Meaning of OFFICE in English

OFFICE

I. ˈȯfə̇s, ˈäf- noun

( -s )

Etymology: Middle English, from Old French, from Latin officium service, kindness, activity, duty, office, alteration of (assumed) opifacium, from opus work + -i- + -facium (from facere to do, make) — more at operate , do

1.

a. : a special duty, charge, or position conferred by an exercise of governmental authority and for a public purpose : a position of authority to exercise a public function and to receive whatever emoluments may belong to it

qualified to hold public office

b. : a position of responsibility or some degree of executive authority

c. : the fact or state of holding a public position of authority

permitting … Socialism to be corrupted by office — Times Literary Supplement

2.

[Middle English, from Old French, from Late Latin officium, from Latin]

: a set form of prayer or other religious service drawn up by church authority and sanctioned as the approved usually obligatory form to be used by particular individuals (as clerics) or on particular occasions: as

a. often capitalized : the service of the breviary : divine office

a priest reciting his office

b. : the rites or one of the rites of the missal

the office of the mass

c. : a prayer service (as evensong) used in churches of the Anglican communion

3.

a. : a religious or social ceremonial observance : rite

b. offices plural : rites for the dead

4.

a. : something that one ought to do or must do : an assigned or assumed duty, task, or role

his office was merely to … point the way to new achievements — Frank Thilly

to suppose she would shrink … from the office of a friend — Jane Austen

b. : something that is done or performed by a particular thing : the proper or customary action of something : function

the sentence through its office of assertion — R.M.Weaver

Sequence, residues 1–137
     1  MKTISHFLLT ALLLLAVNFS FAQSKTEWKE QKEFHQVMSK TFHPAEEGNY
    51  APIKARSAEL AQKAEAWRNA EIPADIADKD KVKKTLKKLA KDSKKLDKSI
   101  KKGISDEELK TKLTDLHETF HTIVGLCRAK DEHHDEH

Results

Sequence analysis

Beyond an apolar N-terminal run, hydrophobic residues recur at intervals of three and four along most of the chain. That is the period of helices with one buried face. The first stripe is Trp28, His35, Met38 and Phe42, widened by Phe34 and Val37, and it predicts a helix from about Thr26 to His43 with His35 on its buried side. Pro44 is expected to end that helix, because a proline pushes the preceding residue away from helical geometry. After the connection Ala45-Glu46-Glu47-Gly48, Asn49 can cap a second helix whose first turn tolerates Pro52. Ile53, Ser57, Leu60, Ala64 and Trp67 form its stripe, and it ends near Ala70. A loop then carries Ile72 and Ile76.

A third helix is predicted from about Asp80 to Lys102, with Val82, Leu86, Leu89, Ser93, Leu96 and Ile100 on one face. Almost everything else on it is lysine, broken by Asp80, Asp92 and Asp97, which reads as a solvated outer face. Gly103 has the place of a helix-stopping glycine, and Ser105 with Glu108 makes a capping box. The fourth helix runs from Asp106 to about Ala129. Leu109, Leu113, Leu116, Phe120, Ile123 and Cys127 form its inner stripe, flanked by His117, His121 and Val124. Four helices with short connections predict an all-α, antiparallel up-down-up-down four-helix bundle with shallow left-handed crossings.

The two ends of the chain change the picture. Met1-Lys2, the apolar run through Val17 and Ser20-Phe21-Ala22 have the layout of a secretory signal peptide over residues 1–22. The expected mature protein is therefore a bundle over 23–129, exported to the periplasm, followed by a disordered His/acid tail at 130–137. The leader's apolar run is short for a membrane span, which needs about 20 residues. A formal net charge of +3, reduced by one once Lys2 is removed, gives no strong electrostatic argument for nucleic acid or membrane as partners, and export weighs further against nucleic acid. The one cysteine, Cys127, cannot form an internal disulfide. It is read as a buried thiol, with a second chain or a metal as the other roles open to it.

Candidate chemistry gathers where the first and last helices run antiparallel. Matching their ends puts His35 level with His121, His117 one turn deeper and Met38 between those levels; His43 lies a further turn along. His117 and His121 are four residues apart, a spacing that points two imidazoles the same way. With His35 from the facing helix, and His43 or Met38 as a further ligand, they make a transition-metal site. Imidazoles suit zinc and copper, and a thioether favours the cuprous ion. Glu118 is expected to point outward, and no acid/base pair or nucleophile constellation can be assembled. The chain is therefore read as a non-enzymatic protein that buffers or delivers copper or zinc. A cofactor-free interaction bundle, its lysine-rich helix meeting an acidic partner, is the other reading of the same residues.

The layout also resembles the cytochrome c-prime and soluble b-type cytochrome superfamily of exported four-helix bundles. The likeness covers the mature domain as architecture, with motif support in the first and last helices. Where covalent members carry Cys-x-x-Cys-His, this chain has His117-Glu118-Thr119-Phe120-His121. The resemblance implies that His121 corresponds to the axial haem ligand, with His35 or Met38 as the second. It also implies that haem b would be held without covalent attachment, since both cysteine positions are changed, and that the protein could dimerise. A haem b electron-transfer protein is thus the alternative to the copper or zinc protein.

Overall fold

numbed ears refused their proper office of conveying meanings to the mind — Kenneth Roberts

c. : something that a person does for another : service

light the lights for them, the last office of welcome that she would ever be able to do here — New Yorker

d. : inquest of office

5. : a place where a particular kind of business is transacted or a service is supplied: as

a. : a place in which the functions (as consulting, record-keeping, clerical work) of a public officer are performed

b. : the directing headquarters of an enterprise or organization

continuing point of contact of the new student with the college office — Official Register of Harvard University

directives to branch factories were sent out from the New York office

c. : the place in which a professional man (as a physician or lawyer) conducts his professional business

6. offices plural , chiefly Britain : the apartments, attached buildings, or outhouses (as kitchens, pantries, laundries, stables) in which the activities attached to the service of a house are carried on

3 bedrooms, bathroom and compact offices — Country Life

7. : the company whose place of business is in an office ; specifically Britain : an insurance company

8.

a. Britain : a principal branch or division of governmental administration : department

War Office

Colonial Office

b. : a branch or subdivision of governmental administration that ranks (in the national government) below the department

Patent Office

Office of Education

9. slang : privy

10. slang : a private usually covert signal, warning, or cue

in case the boss gives you the office that the cops … are going to investigate — John Scarne & Clayton Rawson

Synonyms: see function

II. verb

( -ed/-ing/-s )

transitive verb

obsolete : to appoint to or place in office

intransitive verb

: to maintain or occupy a professional or business office

the old Vienna doctors have always had the habit of officing in their homes — Ernst Waldinger

Webster's New International English Dictionary.      Новый международный словарь английского языка Webster.